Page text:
FinTech has not quite lived up to the high expectations set for it…yet
Fincite is redefining the financial advice industry by providing clients with cutting-edge tools and guidance allowing them to take charge of their financial future. Fincite has quickly risen to the top of its field thanks to its innovative platform and its network of over seven thousand highly trained advisors located all over the world.
Fincite is a financial advice platform that is bringing the modern advisor experience to the world of financial advice. While financial advisors are responsible for an array of tasks, Fincite’s software aims to improve the advice experience for customers by incorporating new technology from modern brokers.
Fincite currently has 7,000 advisors on its platform across seven countries. The company began in Germany, with the Netherlands as its second-largest market, followed by Denmark, Norway, and Finland. The team made a big breakthrough last year, breaking into the US market, by focusing, for now, on New York and New Jersey.
Ralf Heim, Founder and Co-CEO at Fincite tells, while the US market is more case-by-case than Europe, the regulation is less stringent, which is advantageous for software companies that must comply with European regulations. He speaks about the disappointments of the advancements in Fintech, and the future.
Fincite had only made modest gains up until this year, but the addition of two large customers in 2022 has given the company a significant boost in the region. Come with me as we explore the Fincite Journey.…
Today’s Tech Falls Short of Expectations
Ralf had expected the financial services industry to benefit greatly from technological developments, but, in fact, the movement’s impact was slower in coming than he had anticipated. Ralf describes how he saw, from the point of view of a customer, how the early promises made by FinTech have yet to materialize.
The technology needed to model investments that were specifically suited to a client’s financial needs and goals simply did not exist at the time. Instead, businesses are stuck with inefficient, non-integrated service models and procedures.
“You still have the issue that the bank only tells you to sell your current portfolio and doesn’t take into account what you already have.”
Breaking Through Stagnation: Assessing Our Current State of Progress
“In 2020, we saw a significant shift towards cloud-based solutions, particularly in the financial sector where banks started implementing cloud-based products for their core processes of investment management and advice. This was a major breakthrough since, prior to 2018, most banks had yet to introduce such solutions.”
Ralf explains why it is evident that companies, especially those operating in the SaaS market, will need to adopt this trend in order to maintain their position in the industry.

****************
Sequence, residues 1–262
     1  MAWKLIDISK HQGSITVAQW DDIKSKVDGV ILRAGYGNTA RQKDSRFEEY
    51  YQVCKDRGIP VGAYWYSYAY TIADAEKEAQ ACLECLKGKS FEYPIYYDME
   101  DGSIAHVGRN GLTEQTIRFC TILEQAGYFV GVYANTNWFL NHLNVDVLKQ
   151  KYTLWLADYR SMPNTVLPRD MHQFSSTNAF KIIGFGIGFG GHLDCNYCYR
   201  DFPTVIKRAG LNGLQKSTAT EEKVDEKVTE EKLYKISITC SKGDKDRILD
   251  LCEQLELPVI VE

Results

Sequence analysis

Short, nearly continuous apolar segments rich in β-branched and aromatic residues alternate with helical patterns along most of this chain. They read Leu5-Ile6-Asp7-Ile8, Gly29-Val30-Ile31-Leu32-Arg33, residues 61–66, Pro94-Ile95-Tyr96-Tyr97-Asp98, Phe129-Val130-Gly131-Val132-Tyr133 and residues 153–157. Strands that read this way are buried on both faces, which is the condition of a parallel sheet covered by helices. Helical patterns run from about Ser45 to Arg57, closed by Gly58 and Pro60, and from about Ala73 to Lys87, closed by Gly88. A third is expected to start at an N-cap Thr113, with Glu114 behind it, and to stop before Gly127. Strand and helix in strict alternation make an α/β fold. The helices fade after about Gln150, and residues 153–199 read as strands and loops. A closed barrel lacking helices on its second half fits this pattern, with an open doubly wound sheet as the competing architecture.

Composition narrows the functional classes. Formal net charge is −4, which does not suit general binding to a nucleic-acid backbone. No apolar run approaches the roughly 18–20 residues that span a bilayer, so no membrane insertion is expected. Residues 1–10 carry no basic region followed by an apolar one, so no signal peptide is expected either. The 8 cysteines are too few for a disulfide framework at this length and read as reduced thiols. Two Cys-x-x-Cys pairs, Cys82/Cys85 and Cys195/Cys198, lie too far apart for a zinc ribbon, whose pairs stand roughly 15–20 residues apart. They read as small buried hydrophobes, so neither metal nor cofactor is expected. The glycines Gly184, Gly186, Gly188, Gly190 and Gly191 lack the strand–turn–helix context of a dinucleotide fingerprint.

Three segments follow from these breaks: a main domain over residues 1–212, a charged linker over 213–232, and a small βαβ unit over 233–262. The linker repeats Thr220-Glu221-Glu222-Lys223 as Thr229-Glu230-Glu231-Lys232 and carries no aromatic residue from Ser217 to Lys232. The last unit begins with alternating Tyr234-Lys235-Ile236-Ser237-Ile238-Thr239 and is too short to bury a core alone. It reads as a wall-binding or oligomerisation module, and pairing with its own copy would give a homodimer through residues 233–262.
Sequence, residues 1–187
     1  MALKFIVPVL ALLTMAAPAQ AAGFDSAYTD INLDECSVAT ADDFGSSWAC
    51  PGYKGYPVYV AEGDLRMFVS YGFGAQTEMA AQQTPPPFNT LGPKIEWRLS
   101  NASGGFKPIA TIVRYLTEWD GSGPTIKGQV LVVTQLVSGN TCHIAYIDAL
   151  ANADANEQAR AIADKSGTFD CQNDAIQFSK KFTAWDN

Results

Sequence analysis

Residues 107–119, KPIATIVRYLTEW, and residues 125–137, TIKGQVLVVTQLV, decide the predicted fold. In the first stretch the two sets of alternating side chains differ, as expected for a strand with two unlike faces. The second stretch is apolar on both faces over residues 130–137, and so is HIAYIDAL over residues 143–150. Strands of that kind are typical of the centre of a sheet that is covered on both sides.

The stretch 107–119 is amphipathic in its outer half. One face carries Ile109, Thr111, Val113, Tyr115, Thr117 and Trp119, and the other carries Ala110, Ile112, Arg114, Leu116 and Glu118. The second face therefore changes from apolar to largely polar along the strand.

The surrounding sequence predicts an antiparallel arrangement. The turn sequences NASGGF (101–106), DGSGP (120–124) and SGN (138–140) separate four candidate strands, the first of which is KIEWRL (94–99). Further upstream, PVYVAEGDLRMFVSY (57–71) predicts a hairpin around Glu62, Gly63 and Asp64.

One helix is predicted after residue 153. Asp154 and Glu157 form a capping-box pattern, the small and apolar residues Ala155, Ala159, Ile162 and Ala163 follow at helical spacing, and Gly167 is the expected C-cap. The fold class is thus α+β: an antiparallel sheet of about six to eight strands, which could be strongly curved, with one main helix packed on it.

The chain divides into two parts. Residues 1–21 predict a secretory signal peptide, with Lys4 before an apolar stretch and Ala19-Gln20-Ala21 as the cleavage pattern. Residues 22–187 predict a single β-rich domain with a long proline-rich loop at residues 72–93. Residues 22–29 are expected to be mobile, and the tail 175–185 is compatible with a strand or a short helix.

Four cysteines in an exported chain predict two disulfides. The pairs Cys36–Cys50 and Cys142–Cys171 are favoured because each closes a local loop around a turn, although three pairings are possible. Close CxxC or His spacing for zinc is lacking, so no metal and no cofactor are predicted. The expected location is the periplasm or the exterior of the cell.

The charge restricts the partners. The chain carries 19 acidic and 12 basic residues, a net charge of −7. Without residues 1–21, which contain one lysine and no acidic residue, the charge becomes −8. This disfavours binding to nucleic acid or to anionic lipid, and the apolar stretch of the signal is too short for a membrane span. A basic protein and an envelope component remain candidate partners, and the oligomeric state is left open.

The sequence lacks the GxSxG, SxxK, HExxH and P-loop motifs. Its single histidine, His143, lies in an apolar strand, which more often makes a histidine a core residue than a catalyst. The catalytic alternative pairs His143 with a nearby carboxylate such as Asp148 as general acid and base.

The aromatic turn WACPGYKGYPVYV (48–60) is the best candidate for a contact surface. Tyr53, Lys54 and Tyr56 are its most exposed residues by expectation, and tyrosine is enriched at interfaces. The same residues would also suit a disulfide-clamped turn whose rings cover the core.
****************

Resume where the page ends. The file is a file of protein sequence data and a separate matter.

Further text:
From Juggling to Plate-Spinning: Mastering Multitasking as a CEO
Ralf tells us how he looks ahead, and therefore, plans ahead of time – vital for surviving in the tech industry, using a famous psychologist professor’s words to underpin his belief – “It’s more important what you think about than what you think of it”.
Ralf explains that he is trying to juggle so many ‘business balls’ in the air that he sometimes loses sight of the smaller but more steady ones as he focuses on the larger picture. It really is a fine art of business.
However, he tells how challenges and the art of plate spinning and ball juggling is alleviated when you have a solid Co-founder with whom you can share the load of work with.
“A friend of mine and the founder of the highest-valued German startup I know of are a great example of how two people with very different work styles can complement one another. My co-CEO and I have strict job divisions in place. My co-CEO is in charge of internal communication and product development, while I deal with external stakeholders like customers, investors, and the media.”
“We were founded by three people with varied experiences and perspectives. Stefan handles the technical aspects of the project, such as its architecture and foundation. Friedhelm Schmitt comes from a financial and quantitative background, so he knows his way around the stock market. I consider myself more of a general technologist.”
At the beginning, the initial Fincite team structured the company into three units.
“I grew through them, built, and Stefan operated. As the team grew, we had to adopt more complex structures to accommodate more team members.”
Leveling Up with Self-Belief: Unleashing Your Inner Athlete
“When we first had money from a job in our mid-20s, we thought about how to invest it. We saw robo-advisors popping up, but we realized they were only suitable for simple investments like ETFs, stocks, and bonds.”
“We believed that there would be more asset classes to invest in, and that algorithms would tell us how to adjust our investments automatically based on our personal financial situation.”